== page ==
The events of July 1990, including the famous day known as Saba Saba, have been so impactful that one wonders why July is not celebrated in Kenya as the second liberation month.
The first liberation was the independence war against colonial rule. The second liberation was the struggle for human rights and a new constitution.
Looking through the liberators names, one doesn’t need much of a discerning eye to see they were drawn from different ethnic communities. In a country often grappling with ethnic divisions, this in itself is a lesson that needs learning.
Not much is available in school textbooks on the role played by the valiant women and men of the second liberation who suffered arrests, detention without trial, and even death to give us the freedom we now enjoy.
The term second liberation became familiar between 1982 and 1992 — a period birthing several occurrences such as Kenya becoming a one-party state by law in June 1982. This was followed by the August 1982 attempted coup that saw government criminalising dissent and violating press freedom.
The state and the president became an everyday presence in a period when any document could be declared seditious. Television and radio news bulletins always began with the statement, “Today, President ….”
Injustices piled. There was massive open rigging in the 1988 elections. The second liberation drew hope from world events such as the November 1989 collapse of the Berlin Wall, a powerful symbol of the Cold War.
Kenya’s second liberators pronounced 1990 as the year to restore multi-party democracy. On February 13, 1990, the minister for Foreign Affairs and International Cooperation Robert Ouko was found dead, clearly assassinated, prompting the eruption of countrywide riots. State oppression and lack of political space had risen to unprecedented high levels.
On July 3, 1990, two former Cabinet ministers, Kenneth Matiba and Charles Rubia, called for a public rally at Kamukunji grounds in Nairobi on July 7 (this day is commonly referred to as Saba Saba) demanding comprehensive constitutional and political reforms.
A day before the rally, Matiba and Rubia (their lawyer John Khaminwa), including Gitobu Imanyara, Mohammed Ibrahim and Raila Odinga were arrested and detained without trial. This was Odinga’s third detention. Amnesty International adopted them as prisoners of conscience.
The arrests did not stop the rally, which was attended by thousands of people. Police attempts to break up the meeting led to the deaths of more than 20 people.
Human rights lawyers Kamau Kuria, Paul Muite and Kiraitu Murungi went into exile. Other liberators included Maina wa Kinyatti, Katama Mkangi, James Orengo, Martha Karua and Wangarī Maathai.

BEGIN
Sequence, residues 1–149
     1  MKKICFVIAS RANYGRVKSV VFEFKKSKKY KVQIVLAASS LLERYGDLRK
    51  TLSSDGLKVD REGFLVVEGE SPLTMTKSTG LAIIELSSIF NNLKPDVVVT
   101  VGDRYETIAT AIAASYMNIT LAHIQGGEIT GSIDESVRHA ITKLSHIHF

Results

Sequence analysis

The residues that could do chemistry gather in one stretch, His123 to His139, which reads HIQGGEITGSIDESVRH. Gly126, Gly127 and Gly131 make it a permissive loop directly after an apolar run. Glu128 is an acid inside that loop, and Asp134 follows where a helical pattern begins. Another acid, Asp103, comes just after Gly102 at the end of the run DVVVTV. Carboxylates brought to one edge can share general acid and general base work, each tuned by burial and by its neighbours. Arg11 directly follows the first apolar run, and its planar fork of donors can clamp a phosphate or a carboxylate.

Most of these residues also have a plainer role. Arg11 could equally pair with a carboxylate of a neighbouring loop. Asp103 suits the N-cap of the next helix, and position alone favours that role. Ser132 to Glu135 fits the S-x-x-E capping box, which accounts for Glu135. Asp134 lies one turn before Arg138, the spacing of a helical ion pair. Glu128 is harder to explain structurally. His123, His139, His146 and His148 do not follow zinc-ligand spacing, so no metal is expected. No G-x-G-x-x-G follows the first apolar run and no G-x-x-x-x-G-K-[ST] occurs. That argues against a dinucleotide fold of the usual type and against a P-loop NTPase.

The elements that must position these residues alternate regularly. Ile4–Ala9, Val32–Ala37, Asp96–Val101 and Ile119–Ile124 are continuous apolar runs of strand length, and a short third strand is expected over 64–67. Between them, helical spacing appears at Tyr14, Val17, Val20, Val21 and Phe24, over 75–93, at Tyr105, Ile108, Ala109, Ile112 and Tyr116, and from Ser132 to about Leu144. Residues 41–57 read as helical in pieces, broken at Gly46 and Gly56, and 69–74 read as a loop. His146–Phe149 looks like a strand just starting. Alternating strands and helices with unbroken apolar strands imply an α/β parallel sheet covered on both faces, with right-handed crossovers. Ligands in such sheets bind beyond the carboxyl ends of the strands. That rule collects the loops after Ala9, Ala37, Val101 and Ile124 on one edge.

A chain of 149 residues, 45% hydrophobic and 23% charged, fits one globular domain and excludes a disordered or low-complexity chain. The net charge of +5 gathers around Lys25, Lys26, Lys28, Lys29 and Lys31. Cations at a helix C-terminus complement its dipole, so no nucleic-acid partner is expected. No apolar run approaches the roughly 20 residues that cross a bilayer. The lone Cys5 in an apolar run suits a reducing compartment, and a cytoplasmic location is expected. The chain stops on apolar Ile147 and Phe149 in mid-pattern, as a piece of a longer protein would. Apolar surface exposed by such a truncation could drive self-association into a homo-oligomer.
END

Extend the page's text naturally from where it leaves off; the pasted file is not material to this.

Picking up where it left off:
The government’s crackdown on the second liberation went on unabated. In December 1991 former president Daniel Moi finally announced the repeal of Section 2A of the constitution which had enshrined a one-party state and outlawed all political activities outside the Kenya National African Union (Kanu).
The work of second liberators did not end, as in 1992 ethnic and land conflicts — classified by the Justice Akilano Akiwumi Commission of Inquiry as politically instigated ethnic cleansing — began.
The first generation of liberators lived through a period when colonialists forcefully created segregated native reserves along ethnic lines restricting any integration.
The colonial regime created an ethnic-based labour society relying mainly on stereotypes such as who were better house servants, askaris or cooks – thus laying the basis for stereotypical terms of an ethnically divided society.
Despite all these efforts to divide them ethnically, the first liberators rose together to fight for Kenya’s independence.
The second liberators fought exclusion of some ethnic groups from decision-making processes and inequitable distribution of resources as deliberate enhancing of ethnic differences had become the norm.
Teaching this history while celebrating July as the second liberation month could in turn birth a third liberation working against clan and ethnic political divisions which persist despite inter-ethnic friendships, relationships and marriages.
How can a third liberation with a philosophical core stressing an ideology of respect for difference, while using the unifying strategies of the first and second-generation liberators be created?
Third liberators will need to re-orient the voting population to move away from ethnic to issue based voting blocks, deal with exclusions and shun political parties formed along ethnic lines.
They will have to devise strategies to deal with ethnic competition for resources such as jobs, land and access to opportunities, ensuring a system in which resources benefit everyone.
We need third liberators who can deal with structural ethnicism and its interlinked social political and economic components. They could do this with the benefit of the lessons of the first and second liberators.